The issue to be highlighted here is whether ST certificates can be denied to individuals who take their father’s surname.  No doubt the 2005 gazetted KHAD (Khasi Social Custom of Lineage) Act, 1997 is in place. An amendment to the Act may be introduced in the Khasi Hills Autonomous District Council soon to give more teeth to the Act. But will the Act stand the test of time? More importantly will it stand legal scrutiny? If someone goes to court (it looks likely) the Act may collapse. A custom is voluntary and temporary. It is not legally binding and permanent. Many customs that were once considered sacrosanct have gone out of use. There have been already precedents of Khasis taking their father’s title. Were they not issued ST certificates? Do not past actions impact the present? It might even be possible that MDCs who directly or indirectly benefited from decisions of the past might be debating on the proposed amendment and may strongly advocate for preserving the matrilineal practice at all cost. It does not look fair to the present generation.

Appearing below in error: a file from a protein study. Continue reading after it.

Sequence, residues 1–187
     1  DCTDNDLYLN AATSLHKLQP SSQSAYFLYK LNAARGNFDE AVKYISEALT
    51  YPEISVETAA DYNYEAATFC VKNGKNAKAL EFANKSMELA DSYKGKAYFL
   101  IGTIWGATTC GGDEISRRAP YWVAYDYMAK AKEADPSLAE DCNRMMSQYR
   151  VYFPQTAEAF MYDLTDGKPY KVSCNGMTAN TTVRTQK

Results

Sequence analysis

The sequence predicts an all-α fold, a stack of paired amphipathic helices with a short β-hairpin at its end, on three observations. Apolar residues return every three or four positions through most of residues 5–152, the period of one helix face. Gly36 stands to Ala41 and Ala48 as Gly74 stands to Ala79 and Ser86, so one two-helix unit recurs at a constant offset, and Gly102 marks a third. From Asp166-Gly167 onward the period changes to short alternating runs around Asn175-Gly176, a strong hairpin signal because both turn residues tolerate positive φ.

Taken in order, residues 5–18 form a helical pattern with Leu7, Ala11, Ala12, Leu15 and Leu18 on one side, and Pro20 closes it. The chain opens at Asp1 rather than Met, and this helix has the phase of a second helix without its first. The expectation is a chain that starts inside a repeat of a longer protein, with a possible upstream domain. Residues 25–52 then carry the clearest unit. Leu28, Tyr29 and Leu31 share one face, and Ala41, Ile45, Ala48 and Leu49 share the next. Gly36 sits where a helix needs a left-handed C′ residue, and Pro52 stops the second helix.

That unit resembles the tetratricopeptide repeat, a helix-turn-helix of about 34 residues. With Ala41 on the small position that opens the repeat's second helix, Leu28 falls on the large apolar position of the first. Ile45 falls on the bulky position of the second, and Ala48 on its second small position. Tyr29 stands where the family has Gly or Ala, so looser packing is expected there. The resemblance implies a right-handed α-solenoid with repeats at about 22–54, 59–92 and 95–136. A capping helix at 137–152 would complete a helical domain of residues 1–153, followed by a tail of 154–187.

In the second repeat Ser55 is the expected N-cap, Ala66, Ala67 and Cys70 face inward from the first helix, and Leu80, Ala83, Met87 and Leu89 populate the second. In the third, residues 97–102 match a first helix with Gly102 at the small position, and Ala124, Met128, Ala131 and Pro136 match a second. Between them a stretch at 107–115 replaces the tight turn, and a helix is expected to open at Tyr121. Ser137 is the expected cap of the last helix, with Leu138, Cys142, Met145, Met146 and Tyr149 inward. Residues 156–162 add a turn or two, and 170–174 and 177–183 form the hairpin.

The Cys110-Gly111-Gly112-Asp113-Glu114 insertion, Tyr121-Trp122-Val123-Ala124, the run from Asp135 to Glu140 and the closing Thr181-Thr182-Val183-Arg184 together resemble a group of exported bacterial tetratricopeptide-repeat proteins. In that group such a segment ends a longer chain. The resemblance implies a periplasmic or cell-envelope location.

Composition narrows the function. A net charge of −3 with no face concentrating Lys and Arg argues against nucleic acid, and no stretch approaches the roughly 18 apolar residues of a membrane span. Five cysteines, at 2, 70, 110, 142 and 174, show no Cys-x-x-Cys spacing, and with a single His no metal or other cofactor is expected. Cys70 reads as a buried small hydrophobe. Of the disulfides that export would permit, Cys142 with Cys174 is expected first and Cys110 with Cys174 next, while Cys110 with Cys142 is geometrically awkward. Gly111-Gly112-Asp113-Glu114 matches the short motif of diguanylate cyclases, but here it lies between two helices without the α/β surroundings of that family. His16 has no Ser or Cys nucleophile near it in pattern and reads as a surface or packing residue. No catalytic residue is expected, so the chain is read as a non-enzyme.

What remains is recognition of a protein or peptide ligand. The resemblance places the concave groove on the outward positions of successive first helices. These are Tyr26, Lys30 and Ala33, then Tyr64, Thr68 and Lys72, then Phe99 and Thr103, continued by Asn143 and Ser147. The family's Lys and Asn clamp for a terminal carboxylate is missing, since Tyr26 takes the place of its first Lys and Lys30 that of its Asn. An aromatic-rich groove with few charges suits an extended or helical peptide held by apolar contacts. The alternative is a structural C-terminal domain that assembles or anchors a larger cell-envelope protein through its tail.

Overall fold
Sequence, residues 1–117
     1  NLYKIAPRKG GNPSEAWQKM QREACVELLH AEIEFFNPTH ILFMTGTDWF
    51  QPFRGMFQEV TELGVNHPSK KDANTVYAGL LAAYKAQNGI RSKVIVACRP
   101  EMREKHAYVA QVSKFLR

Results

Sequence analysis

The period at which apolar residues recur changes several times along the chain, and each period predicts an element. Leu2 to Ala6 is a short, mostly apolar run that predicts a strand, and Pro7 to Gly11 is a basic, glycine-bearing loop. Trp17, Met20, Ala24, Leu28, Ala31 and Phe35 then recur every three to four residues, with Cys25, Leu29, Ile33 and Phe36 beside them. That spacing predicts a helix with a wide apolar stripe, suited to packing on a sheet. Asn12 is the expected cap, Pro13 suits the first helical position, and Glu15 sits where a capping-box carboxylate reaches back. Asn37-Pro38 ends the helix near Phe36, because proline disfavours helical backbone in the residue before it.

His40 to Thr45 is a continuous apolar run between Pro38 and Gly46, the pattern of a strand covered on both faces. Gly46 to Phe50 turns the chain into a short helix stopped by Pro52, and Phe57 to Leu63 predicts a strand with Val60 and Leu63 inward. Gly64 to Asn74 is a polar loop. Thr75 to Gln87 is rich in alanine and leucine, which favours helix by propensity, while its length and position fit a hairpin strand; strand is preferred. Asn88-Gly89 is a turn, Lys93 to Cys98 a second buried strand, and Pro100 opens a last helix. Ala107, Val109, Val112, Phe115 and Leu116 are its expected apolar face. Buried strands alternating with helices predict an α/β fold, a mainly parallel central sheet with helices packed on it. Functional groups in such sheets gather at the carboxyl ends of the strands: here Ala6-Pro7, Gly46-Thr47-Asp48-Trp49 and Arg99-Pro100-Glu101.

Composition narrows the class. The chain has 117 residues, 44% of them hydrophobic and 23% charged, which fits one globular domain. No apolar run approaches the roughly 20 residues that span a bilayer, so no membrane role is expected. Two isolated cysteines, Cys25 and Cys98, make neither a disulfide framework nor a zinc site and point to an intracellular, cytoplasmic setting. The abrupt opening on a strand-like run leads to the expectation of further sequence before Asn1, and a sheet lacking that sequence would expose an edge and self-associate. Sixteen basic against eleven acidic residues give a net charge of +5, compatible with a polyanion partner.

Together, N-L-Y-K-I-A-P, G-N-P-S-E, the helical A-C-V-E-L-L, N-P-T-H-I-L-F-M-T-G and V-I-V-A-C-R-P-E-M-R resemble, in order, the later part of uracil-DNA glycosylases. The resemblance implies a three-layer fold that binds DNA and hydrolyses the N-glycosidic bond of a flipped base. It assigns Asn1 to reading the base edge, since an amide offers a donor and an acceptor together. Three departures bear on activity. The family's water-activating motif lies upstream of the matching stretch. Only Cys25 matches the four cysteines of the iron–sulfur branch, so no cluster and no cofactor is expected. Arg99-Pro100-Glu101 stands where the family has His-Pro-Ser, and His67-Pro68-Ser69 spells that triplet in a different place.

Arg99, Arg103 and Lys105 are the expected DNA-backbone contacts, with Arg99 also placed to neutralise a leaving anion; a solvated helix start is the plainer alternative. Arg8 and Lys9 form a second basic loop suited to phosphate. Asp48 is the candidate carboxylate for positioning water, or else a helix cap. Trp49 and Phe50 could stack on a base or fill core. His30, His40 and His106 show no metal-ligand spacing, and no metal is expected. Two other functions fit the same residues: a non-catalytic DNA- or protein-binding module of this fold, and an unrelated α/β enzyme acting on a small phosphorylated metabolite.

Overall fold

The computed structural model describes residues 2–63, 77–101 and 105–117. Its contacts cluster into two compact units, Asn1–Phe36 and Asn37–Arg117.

Article 21 of the Indian constitutions guarantees personal liberty to all citizens. There might have been no court judgement. But it is presumed personal liberty includes the right and freedom to choose any of the parents’surname. Meghalaya is under the Sixth Schedule which is governed by ADCs. But can personal liberty be exempted in Scheduled Areas? How can one be denied an ST certificate and be branded as ‘non-Khasi’ just because he decides to inherit the father’s clan name? If a court declares that choosing father’s surname is part of Article 21, what will become of KHAD (Khasi Social Custom of Lineage) Act? ST certificates have to be issued to all tribal applicants.

One word about the ‘Kur’ and ‘Kha.’The trait has also been undergoing changes. In the western part of Khasi Hills ‘Iashongiatur’ was forbidden. For example, the Thyrniang males marry Marwien females. The Thyrniang clan (Kur) are ‘Kha’ and Marwein clan is ‘Khun.’ It was a taboo for a Marwien to marry a Thyrniang. But recently there have been cases where males from the Marwien clan have been given in marriage to Thyrniang clan. So now ‘Kha’ are ‘Khun’ and ‘Khun’ are also ‘Kha’. Some of my female relatives are married to Myrthong men. Thyrniang men have also married Myrthong women from a different ‘kpoh.’ What was once a taboo now has been normalised. Life adjusts itself. Eventually, probably provided the rule of the country (and the Church) are kept alive we have to adapt to changes.